The Philippine Indie Film scene has never had it so good. For the past number of years, it has grown in leaps and bounds and not without a worthy purpose. The country used to have one of the biggest film industries in Asia but has significantly lagged behind in the late 90s to the present that, as a result, a large chunk of movie stars have resorted to appearing in television to sustain their income. But things are looking up. Pinoy Indie movies are starting to break into the global market in a steadily progressive way. And at the rate these small filmmakers are churning out films left and right – and winning awards and recognitions in film festivals around the world – there is hope.
2009 is a significant year for Pinoy Indie Films. Last May, Brillante Mendoza graduated into the big time after claiming the Best Director award at the Cannes Film Festival for his competition film “Kinatay” (Butchered). It is also worth noting that two other homegrown flicks – Raya Martin’s Independencia and Manila by Adolfo Alix & Raya Martin – were shown in the Un Certain Regard and Special Screening sections, respectively.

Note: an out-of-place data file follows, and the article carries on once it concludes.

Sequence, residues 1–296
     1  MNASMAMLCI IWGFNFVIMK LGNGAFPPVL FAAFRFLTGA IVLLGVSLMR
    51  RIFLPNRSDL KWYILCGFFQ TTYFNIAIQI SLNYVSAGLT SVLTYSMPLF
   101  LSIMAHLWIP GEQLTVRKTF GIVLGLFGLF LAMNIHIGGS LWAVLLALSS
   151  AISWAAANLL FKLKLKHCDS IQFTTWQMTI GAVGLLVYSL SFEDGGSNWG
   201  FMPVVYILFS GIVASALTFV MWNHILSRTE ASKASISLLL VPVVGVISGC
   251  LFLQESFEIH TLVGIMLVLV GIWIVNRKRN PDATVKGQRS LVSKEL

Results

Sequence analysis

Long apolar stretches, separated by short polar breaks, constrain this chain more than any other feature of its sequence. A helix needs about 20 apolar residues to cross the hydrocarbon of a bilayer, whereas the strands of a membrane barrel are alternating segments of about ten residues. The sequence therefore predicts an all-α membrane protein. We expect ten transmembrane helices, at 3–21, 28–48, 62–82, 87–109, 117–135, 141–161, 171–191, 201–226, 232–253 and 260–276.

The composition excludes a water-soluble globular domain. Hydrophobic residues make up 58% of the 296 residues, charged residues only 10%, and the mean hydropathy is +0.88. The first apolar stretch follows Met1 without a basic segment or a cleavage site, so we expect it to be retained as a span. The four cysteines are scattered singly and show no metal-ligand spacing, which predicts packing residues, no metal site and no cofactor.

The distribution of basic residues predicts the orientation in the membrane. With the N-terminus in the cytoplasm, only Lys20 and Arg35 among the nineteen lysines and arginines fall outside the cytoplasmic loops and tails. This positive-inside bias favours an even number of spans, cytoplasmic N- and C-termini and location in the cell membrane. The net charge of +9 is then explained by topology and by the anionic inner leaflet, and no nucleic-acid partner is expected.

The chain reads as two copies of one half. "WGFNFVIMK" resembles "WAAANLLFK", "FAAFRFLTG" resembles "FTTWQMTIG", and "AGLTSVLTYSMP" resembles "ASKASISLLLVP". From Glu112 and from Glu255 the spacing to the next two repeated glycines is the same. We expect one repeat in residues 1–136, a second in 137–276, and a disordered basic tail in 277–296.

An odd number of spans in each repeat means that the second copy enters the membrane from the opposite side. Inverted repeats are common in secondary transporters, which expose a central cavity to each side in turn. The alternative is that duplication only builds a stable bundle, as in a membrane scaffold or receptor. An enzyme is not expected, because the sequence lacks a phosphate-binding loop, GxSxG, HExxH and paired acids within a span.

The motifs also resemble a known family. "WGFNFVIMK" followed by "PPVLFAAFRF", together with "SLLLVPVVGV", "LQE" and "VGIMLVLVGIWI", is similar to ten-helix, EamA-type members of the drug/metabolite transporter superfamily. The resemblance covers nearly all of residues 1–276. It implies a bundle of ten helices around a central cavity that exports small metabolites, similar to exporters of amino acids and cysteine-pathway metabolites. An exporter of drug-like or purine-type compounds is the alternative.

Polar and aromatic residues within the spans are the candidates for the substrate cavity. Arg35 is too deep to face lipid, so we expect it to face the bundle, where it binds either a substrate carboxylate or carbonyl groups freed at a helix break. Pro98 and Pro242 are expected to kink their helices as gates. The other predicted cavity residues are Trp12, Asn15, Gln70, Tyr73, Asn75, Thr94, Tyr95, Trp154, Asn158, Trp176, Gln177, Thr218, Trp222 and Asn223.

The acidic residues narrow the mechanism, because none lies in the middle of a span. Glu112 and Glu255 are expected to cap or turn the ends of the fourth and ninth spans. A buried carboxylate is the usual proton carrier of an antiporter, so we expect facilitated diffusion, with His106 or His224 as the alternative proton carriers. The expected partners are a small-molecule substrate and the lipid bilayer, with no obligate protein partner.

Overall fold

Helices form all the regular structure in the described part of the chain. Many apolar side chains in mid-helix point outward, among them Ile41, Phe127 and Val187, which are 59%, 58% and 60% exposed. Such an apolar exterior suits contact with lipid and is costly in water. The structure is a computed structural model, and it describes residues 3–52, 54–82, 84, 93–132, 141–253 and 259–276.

There is also a sextet of mainstream film directors who released their individual foray into indie filmmaking under the Sine Direk Masterworks series. The line-up includes Joel Lamangan’s Fuschia, Soxie Topacio’s Ded Na Si Lolo (Grandfather is Dead), Lore Reyes’ Litsonero (The Roaster), Peque Gallaga’s Agaton & Mindy, Maryo delos Reyes’ Kamoteng Kahoy (Sweet Potato) and Mel Chionglo’s Bente (Twenty). Four of the movies were rated A by the FRB (Film Ratings Board), with Litsonero getting a B.
Any of the six movies in the series can very easily qualify for international film festivals, with Kamoteng Kahoy and Bente possibly getting an award or two for acting. In particular, child performers Robert “Buboy” Villar and Nash Aguas are shoo-ins to become festival darlings should Kamoteng Kahoy compete abroad.
I hope people patronized these works (instead of complaining that all local indie films are always gay-themed) during their limited commercial run (one-week for each movie) because this is the only way the industry can survive. I was able to catch four (with corresponding images above) and I doff my hat to these directors.
In Part 2 of this blog, I will be writing about the recently-concluded Cinemalaya Cinco which harvested an even larger collection of excellent indie movies for everyone to enjoy.